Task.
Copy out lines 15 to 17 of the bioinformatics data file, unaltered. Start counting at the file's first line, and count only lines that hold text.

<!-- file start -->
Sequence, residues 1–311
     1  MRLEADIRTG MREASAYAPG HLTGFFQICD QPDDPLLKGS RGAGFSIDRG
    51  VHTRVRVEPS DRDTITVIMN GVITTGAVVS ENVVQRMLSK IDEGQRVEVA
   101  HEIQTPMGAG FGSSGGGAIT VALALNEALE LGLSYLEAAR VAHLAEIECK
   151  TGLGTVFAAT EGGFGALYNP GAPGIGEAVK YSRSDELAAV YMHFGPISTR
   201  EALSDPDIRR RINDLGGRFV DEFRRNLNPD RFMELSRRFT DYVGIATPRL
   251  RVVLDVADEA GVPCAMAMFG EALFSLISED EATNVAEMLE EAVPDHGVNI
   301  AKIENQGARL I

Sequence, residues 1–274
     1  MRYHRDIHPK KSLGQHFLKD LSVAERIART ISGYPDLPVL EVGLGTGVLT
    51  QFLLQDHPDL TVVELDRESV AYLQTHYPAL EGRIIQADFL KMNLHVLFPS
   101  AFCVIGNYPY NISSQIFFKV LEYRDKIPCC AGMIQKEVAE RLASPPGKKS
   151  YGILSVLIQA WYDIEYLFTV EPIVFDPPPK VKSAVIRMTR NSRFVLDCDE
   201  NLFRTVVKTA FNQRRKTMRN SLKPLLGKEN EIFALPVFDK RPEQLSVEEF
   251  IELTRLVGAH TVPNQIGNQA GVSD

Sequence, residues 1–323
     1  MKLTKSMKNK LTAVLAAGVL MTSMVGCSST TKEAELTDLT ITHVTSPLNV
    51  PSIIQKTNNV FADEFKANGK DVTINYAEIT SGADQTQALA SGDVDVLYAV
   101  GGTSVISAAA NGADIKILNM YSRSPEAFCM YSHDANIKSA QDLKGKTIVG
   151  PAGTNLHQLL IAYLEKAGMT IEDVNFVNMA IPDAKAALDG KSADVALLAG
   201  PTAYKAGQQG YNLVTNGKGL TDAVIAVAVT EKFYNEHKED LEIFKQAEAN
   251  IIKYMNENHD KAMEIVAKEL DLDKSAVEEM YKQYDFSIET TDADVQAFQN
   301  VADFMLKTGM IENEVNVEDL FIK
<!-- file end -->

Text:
   251  IELTRLVGAH TVPNQIGNQA GVSD

Sequence, residues 1–323
     1  MKLTKSMKNK LTAVLAAGVL MTSMVGCSST TKEAELTDLT ITHVTSPLNV